Forum for Science, Industry and Business

Sponsored by:     3M 
Search our Site:

 

Simple Blood Test Will Help Diabetic Patients Avoid Leg Amputation

30.07.2004


A simple blood test can now predict the probability of success for a procedure that can save the lower leg of diabetic patients facing amputation according to a study presented at the American Orthopaedic Foot and Ankle Society’s (AOFAS) annual meeting today.



The study, conducted by Alastair Younger, M.D. and Colin Meakin, M.D. at St. Paul’s Hospital in Vancouver, British Columbia, examined 21 patients with diabetes who received successful partial foot amputations and 21 diabetic patients who experienced a failed amputation. Those with a 7% or lower level of glucose in their blood had a high rate of success with a partial foot amputation and did not need a blow knee amputation (BKA).

When a diabetic patient shows signs of having a foot ulcer - which is an open wound on the bottom of the foot - doctors first try to heal it using a variety of methods. If those methods fail, the ulcers become severe and often infected, causing many doctors to quickly perform a below knee amputation. This results in a patients’ loss of mobility and independence.


An alternative to a BKA is a transmetatarsal amputation (TMA) in which the front portion of the foot containing the ulcer is removed. TMAs have a 75% success rate, but for the 25% of patients whose TMA’s fail, the process of getting another corrective surgery is monetarily, physically, and mentally taxing. This failure rate has caused many surgeons to skip an attempt at a TMA and simply perform a BKA.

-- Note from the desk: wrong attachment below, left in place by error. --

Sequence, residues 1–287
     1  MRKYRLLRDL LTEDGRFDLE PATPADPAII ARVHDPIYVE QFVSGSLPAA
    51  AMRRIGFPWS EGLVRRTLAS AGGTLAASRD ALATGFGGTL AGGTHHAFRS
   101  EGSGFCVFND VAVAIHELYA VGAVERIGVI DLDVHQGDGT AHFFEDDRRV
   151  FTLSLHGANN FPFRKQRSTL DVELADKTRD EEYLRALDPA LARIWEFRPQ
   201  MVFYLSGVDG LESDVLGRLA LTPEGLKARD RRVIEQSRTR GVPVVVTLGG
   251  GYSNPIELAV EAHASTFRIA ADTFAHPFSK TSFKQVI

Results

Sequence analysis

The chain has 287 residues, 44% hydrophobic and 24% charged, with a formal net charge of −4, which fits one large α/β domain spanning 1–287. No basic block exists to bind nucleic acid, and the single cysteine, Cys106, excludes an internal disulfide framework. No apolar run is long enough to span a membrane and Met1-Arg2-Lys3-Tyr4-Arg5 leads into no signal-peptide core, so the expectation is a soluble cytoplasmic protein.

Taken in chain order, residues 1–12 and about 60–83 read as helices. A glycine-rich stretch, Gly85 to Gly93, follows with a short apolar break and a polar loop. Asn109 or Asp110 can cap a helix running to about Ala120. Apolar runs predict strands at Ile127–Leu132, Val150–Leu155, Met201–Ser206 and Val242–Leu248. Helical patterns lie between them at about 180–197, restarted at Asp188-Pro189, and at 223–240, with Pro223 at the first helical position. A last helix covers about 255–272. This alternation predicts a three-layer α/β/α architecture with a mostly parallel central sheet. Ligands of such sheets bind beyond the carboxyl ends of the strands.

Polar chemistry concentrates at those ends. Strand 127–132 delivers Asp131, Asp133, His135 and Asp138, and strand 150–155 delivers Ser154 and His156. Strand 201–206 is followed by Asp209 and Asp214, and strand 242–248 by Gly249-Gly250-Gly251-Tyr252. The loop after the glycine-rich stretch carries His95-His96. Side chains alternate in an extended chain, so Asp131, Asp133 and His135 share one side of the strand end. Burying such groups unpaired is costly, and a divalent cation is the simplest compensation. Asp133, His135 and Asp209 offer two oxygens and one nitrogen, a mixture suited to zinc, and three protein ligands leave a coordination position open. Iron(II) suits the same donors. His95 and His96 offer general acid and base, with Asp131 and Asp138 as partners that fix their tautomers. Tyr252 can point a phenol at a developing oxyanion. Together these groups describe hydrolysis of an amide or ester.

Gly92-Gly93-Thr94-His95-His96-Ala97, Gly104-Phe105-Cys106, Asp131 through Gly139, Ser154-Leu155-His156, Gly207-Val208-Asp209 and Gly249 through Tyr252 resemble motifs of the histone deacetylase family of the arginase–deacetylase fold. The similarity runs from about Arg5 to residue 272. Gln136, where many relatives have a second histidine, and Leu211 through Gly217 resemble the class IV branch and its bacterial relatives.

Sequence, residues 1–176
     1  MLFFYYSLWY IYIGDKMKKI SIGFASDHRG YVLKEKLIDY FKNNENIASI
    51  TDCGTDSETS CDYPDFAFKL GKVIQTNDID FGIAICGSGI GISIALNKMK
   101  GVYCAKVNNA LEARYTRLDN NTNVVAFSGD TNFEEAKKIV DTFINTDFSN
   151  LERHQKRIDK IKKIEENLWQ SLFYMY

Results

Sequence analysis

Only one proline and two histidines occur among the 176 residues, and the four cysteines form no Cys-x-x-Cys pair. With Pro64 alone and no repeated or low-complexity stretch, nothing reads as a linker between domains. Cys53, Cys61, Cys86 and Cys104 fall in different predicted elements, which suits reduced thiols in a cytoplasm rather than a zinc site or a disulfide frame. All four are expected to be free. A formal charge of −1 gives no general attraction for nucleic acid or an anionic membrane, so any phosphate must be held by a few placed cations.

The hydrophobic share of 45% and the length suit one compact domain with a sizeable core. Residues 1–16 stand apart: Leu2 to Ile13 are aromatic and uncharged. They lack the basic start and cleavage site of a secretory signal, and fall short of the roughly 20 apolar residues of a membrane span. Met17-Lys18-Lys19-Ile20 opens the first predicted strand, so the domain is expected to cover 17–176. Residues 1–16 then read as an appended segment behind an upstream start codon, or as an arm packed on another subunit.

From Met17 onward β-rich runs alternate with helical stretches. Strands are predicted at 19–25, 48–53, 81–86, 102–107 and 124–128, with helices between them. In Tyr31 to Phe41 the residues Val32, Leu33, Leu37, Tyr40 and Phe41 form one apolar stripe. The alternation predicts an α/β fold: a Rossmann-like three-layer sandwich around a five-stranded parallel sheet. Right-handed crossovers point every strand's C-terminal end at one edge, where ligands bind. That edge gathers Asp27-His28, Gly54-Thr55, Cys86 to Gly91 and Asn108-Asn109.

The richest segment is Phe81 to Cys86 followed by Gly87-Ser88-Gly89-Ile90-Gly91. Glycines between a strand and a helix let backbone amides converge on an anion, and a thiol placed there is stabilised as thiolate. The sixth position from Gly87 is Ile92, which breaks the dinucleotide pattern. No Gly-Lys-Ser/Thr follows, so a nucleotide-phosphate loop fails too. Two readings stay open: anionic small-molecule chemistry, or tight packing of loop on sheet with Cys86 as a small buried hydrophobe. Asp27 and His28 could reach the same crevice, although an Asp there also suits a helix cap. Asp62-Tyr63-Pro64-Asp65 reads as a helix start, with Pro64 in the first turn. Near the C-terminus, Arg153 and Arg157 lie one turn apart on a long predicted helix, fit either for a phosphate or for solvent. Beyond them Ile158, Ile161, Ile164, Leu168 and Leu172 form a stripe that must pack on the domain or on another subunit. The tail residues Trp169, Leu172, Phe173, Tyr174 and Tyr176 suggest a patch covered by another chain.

However, foot amputation success can now be at least partially predicted. According to Dr. Younger, “the number one important aspect in the success of a TMA is the quality of diabetic control.” When a diabetic patient is said to be in control, they have taken good care in stabilizing their blood sugar levels. Also, diabetic patients who do not smoke have a much higher success rate for a TMA.

Diabetic control can be measured by a test called a HBA 1C, which measures a diabetic’s glucose level in the blood for past three months. This gives doctors an indication of how well a diabetic patient is taking care of their condition. The lower the percentage of glucose in the blood, the higher the rate of success of a TMA. “When glucose is greater than 10% of the blood, the TMA is bound to fail, but when it is below 7% the rate of success is high, and a surgeon should perform a TMA,” said Dr. Younger.

Another improvement on the operation involves a new invention, called Osteoset Beads. These small beads get inserted into the foot after partial amputation to release antibiotics, helping to prevent infection and speed recovery of a patient. “When doctors can save a limb, they should perform that surgery under the right conditions,” noted Dr. Meakin.

With these new discoveries, “we can save more limbs than were able to in the past,” said Dr. Younger. Dr.’s Younger and Meakin hope that orthopaedic surgeons will now consider performing a TMA instead of a BKA to help diabetic patients maintain their mobility and sense of independence.

The AOFAS is the leading professional organization for orthopaedic surgeons specializing in disorders of the foot and ankle. Orthopaedic surgeons are medical doctors with extensive training in the diagnosis and treatment of the musculoskeletal system that includes bones, joints, ligaments, tendons, muscles, and nerves.